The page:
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Friday, December 28, 2012 - 11:12am

Georgia Reporting A Bad Flu Season

Georgia health officials are monitoring more flu cases this season than in the last three years. Some urgent care clinics are flooded with flu patients.

Dr. Patrick O’Neal with the State Department of Public Health, says there’s a high incidence of flu being reported in more than half of Georgia’s 18 health districts.

He says urban areas and nursing homes are being hit particularly hard.

“This has, across the country, been circulation of a particularly bad strain of H3N2 virus. So we were expecting a fairly high flu season this year.” O'Neal says.

He says other states are seeing a higher number of flu deaths than usual. But he says only one elderly Georgia resident has died of the flu so far this season.

“ Although we’ve had widespread flu, I’m not convinced that we’ve yet seen the peak. We may actually see more of a peak in January or February. I’m not going to be comfortable saying that we’re going to get away with a low death rate at this point in time. But so far the death rate does not raise any red flags.” says O'Neal.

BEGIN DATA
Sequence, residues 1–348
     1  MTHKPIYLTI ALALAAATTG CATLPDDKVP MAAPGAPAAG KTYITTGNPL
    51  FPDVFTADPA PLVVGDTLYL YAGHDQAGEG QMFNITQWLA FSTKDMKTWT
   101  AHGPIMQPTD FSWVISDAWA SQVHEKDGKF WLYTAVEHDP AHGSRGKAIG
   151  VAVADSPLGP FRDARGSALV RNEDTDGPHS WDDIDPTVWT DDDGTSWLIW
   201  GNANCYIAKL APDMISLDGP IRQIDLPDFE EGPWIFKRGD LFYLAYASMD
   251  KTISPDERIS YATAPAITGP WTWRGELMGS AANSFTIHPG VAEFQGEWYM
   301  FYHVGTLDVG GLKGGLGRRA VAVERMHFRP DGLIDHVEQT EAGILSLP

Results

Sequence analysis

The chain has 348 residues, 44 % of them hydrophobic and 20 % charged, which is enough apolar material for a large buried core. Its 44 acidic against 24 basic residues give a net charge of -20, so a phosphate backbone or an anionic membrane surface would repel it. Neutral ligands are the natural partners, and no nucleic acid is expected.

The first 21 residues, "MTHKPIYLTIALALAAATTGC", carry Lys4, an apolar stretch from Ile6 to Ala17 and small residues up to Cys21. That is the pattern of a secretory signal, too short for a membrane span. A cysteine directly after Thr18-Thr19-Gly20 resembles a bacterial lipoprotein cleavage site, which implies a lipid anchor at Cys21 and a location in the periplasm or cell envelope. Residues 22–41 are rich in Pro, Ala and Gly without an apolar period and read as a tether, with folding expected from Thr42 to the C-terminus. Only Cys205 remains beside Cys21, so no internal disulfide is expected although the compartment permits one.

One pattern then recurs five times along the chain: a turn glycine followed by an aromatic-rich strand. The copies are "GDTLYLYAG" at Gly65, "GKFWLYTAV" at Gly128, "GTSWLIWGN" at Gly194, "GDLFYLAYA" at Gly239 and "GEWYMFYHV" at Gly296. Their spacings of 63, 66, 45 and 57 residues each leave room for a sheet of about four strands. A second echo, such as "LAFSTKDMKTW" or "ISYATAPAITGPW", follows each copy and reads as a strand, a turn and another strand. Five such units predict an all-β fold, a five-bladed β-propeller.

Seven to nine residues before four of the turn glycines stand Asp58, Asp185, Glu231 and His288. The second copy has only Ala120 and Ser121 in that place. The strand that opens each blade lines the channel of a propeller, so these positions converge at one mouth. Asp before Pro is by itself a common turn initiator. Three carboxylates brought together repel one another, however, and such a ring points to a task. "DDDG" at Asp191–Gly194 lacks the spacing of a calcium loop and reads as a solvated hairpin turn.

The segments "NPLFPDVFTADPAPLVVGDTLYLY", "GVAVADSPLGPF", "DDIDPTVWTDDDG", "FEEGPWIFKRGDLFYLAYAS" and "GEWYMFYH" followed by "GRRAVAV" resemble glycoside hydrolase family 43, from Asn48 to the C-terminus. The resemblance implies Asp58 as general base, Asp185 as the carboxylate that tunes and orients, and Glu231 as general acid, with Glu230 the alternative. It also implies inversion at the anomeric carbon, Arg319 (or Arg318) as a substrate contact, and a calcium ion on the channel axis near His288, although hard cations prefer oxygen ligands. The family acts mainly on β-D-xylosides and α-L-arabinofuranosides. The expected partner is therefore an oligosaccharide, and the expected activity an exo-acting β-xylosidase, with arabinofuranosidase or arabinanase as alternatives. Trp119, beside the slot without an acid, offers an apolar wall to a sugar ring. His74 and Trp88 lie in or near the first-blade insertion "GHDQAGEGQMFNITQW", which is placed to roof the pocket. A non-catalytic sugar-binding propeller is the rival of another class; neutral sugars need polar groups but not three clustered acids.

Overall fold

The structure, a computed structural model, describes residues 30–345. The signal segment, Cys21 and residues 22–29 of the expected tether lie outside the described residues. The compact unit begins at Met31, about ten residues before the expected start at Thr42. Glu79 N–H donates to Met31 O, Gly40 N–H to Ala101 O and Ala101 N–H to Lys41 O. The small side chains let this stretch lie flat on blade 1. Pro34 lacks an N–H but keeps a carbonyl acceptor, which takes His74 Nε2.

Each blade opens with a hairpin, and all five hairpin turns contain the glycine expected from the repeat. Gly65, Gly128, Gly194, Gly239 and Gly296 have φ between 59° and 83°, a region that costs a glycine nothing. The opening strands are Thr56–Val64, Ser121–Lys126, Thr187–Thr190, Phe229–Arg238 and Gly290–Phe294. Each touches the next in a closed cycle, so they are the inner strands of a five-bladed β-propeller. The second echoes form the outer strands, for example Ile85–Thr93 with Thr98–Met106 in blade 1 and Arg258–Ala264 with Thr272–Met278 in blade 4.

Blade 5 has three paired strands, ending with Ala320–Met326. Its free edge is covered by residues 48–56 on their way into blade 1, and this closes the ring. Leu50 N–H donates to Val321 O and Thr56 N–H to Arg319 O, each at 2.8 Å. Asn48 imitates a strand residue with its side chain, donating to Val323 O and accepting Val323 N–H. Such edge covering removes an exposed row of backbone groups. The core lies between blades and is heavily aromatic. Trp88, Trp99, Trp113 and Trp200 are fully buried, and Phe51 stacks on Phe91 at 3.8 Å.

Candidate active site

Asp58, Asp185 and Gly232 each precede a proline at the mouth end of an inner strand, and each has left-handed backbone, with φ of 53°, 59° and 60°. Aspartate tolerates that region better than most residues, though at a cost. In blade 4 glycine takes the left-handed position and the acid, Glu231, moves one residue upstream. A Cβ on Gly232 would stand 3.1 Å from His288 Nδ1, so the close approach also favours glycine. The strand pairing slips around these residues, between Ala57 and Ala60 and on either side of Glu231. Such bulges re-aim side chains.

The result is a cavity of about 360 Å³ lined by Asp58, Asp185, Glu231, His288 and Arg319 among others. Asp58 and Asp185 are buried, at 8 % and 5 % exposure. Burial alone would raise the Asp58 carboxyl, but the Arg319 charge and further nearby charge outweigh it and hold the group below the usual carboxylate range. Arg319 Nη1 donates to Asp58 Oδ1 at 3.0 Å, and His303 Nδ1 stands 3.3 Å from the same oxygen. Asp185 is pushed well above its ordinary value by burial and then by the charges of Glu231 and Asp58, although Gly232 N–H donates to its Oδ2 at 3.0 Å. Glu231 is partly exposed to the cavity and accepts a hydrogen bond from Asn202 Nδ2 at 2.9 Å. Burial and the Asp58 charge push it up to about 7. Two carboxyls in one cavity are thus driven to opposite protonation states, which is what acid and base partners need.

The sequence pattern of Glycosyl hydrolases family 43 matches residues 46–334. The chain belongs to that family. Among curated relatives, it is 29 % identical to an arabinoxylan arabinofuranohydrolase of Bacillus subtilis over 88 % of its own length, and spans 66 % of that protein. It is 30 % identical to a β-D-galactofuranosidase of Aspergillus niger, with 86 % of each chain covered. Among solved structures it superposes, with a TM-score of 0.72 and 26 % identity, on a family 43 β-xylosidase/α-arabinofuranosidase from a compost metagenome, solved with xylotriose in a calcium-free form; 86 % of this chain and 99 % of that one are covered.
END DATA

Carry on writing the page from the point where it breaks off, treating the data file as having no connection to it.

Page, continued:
Dr. Jerry Williams, owner of four urgent care clinics in Savannah, says they didn’t see a case of the flu last season until March. This season his clinics have had well over 100 flu patients so far. . He says that’s more than they had for the entire season last year.

Last week alone, 36 people were hospitalized with the flu in metro Atlanta.

O’Neal says there’s still time to get a vaccinated since flu season can last into April.

“Because of the fact that the flu season will run generally throughout the cooler months. It’s wise if one has not received the flu shot or flu immunization to go ahead and consider getting it now.” he says.

O’Neal says the flu shot appears to offer strong protection this year. But Dr. Williams says three of the seven flu patients he saw on Christmas Day had already received a flu shot well in advance of getting sick.

To prevent getting or spreading the flu, doctors recommend regularly washing your hands and covering your mouth with your elbow when you cough or sneeze. And if you get sick, stay home.

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